A handful of macros is used to access a POST request status. The %message% expands to the POST result message, as configured in the [message] section, if such message exists; otherwise (e.g. if the page is being generated in response to a GET request, not POST), the macro returns an empty string.

The ifmessage, ifmessageok, ifactresult and ifactresultok macros are condition checkers; they all accept exactly two arguments, the then value and the else value, and return the former in case the condition is true and the latter if it is false.

For the %[ifmessage: ] macro, the condition being checked is whether there's a message, that is, would the %message% return a non-empty string if we call it.

The %[ifmessageok: ] macro checks whether the result is present and it is a success.

The %[ifactresult: ] macro checks whether we have a result of the action configured for this page. This is different from the question if we've got a message in that in case we're composing the page as a result of successful passing of the CAPTCHA and establishing the session. If it is a CAPTCHA success, then the ifmessage's (and even the ifmessageok's) condition is true, but the ifactresult's condition is false.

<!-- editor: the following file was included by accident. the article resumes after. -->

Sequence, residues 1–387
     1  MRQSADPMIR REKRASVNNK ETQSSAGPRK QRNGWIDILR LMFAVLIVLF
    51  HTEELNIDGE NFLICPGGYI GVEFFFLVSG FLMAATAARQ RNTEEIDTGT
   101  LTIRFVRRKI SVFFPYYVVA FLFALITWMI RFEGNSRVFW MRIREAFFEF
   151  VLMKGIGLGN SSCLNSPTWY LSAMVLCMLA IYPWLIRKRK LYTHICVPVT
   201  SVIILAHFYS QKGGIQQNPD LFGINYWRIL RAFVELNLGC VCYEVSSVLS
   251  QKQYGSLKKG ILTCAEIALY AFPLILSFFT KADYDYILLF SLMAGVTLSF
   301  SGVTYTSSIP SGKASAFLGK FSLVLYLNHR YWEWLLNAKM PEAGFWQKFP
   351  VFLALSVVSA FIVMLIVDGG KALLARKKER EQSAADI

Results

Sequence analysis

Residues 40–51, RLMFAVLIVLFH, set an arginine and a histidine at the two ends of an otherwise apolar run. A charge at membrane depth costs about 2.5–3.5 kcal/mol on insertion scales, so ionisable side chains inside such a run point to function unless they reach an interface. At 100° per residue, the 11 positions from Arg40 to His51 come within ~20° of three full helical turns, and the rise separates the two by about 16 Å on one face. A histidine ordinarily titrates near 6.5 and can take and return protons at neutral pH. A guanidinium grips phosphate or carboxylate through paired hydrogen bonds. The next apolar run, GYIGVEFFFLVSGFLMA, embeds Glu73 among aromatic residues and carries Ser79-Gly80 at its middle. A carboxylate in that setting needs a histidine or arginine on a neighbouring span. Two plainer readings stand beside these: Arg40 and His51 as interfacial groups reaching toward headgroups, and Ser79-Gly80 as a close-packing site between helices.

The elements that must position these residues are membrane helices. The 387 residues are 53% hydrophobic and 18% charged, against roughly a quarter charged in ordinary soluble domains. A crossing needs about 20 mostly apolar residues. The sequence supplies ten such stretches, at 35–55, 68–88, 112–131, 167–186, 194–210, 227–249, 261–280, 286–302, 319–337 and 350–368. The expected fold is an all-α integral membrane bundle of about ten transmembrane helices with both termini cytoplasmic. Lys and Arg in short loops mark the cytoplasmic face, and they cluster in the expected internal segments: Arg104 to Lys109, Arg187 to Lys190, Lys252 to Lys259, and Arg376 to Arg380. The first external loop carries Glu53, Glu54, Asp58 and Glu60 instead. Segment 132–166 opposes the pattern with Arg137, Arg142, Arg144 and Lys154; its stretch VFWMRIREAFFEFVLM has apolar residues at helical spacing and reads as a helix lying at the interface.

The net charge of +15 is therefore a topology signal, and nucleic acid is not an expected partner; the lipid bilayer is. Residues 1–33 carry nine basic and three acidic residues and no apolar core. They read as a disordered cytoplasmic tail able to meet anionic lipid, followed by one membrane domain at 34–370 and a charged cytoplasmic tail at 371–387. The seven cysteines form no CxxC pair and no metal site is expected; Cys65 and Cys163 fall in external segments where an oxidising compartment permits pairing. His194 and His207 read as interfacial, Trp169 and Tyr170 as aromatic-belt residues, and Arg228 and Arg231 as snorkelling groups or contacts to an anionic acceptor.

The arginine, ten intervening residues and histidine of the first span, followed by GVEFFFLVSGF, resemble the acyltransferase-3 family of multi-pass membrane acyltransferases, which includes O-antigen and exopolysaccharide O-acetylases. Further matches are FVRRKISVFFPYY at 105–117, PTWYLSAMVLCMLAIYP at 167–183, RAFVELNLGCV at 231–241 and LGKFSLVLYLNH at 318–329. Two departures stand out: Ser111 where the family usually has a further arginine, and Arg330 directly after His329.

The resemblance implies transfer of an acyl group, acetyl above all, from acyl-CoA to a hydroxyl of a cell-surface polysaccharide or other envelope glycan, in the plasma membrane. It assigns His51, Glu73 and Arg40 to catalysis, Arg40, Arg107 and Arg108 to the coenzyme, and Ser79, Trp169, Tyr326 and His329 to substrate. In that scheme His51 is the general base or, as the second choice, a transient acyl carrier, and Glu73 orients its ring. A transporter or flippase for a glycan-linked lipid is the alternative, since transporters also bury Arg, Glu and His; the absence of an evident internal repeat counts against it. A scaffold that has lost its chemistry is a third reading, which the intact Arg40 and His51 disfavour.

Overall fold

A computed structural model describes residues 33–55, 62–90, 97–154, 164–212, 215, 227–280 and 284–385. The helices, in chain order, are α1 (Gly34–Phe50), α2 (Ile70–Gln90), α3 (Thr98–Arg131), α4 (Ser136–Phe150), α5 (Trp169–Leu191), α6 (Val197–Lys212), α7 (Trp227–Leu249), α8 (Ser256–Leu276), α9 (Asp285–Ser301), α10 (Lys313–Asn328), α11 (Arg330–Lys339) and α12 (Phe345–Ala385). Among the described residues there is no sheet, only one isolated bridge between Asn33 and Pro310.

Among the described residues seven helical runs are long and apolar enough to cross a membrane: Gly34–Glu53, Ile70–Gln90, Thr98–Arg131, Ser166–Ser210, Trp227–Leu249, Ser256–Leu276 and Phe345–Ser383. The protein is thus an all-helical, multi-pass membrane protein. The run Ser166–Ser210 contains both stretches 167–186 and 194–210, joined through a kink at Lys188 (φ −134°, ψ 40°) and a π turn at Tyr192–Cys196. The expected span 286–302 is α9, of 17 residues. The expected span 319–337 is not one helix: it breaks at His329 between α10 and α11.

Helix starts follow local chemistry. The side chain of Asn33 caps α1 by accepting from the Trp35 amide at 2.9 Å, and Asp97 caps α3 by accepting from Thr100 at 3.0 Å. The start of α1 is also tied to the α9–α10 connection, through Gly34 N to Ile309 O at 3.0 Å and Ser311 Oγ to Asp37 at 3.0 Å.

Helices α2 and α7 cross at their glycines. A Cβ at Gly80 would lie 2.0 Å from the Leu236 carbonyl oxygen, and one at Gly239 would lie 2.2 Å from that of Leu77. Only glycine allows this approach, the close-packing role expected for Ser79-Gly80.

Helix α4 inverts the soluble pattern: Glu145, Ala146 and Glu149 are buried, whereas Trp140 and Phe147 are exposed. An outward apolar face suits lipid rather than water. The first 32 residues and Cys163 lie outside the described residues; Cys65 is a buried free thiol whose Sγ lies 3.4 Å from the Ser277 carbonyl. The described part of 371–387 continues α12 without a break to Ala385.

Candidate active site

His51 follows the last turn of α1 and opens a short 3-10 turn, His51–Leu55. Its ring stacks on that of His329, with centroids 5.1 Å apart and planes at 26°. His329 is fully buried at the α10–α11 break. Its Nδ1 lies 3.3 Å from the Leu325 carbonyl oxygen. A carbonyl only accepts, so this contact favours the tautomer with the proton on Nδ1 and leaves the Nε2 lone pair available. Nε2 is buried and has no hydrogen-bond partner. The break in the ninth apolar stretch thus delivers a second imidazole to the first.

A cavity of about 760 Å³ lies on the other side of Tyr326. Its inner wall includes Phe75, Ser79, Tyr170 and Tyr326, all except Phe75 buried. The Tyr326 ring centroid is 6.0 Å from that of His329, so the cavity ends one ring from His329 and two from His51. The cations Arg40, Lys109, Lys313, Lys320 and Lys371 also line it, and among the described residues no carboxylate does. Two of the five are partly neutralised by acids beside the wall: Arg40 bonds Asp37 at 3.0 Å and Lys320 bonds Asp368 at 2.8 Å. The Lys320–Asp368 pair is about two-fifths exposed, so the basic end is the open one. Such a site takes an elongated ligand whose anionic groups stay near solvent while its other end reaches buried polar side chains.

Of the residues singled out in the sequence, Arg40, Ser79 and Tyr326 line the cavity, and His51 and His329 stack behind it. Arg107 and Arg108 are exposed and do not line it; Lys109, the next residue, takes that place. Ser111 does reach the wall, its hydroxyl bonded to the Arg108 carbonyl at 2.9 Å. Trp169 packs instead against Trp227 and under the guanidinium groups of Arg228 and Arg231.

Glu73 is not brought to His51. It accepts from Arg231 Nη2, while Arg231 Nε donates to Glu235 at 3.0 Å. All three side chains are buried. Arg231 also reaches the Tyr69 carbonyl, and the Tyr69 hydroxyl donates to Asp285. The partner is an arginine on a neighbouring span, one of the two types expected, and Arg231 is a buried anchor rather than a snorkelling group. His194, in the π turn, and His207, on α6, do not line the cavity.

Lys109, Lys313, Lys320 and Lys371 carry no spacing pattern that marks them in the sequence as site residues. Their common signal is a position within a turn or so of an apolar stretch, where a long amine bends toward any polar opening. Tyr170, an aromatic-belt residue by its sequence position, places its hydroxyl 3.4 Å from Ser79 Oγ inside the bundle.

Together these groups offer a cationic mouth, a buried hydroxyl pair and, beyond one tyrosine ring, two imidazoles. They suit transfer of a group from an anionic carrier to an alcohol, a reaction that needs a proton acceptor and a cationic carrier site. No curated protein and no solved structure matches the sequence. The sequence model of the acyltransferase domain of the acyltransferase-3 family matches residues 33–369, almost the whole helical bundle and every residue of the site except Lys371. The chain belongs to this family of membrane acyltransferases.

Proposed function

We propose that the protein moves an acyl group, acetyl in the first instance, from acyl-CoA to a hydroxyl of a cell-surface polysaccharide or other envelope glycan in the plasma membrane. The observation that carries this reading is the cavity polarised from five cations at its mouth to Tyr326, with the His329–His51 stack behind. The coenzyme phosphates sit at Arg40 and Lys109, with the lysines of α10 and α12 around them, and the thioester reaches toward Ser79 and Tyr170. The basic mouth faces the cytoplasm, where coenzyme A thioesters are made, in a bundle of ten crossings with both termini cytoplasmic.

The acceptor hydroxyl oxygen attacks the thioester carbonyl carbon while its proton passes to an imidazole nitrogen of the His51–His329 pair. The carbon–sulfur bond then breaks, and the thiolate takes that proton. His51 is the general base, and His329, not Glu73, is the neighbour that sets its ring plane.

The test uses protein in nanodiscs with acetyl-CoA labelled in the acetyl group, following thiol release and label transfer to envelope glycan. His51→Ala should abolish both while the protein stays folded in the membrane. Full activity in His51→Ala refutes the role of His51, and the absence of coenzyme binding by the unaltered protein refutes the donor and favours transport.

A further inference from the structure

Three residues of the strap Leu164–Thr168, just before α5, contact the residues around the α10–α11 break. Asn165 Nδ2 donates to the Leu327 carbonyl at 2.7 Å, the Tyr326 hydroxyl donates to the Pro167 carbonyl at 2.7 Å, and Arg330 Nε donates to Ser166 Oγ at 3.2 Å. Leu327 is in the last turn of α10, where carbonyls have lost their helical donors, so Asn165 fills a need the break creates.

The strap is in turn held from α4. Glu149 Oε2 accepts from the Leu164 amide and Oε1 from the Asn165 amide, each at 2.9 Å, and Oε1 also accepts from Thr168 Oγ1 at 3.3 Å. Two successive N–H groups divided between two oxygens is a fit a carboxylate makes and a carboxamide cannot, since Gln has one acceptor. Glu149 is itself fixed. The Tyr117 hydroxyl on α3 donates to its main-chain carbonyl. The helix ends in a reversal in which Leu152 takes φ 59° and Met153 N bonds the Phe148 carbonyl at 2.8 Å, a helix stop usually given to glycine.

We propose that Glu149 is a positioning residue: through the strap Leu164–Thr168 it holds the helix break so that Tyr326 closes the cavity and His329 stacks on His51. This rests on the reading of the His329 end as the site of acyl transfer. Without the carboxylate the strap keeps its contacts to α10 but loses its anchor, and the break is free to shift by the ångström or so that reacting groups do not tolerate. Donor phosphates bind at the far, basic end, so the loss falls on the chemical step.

The %[ifactresultok: ] macro's condition is if there's an action result (as for the ifactresult macro) and it is successful.

For example, your template for the page which accepts POST requests may include something like this:


— while your CSS can have the respective classes, like this:

  .msgbox_ok {
    border: 2px solid #00b000;
    margin: auto;
    width: 75%;
  .msgbox_err {
    border: 2px solid #b00000;
    margin: auto;
    width: 75%;

Session removal action

The rmsession action is perhaps the simplest one among actions supported by Thalassa CGI, but it can serve as a good example on how all the machinery works. The action doesn't accept any arguments, and, furthermore, it doesn't need any parameters from the webform that sends the POST request. This effectively means the form may consist of the submit button only; its duty is to form an (empty!) POST request directed to the desired page — the one you use for the rmsession action.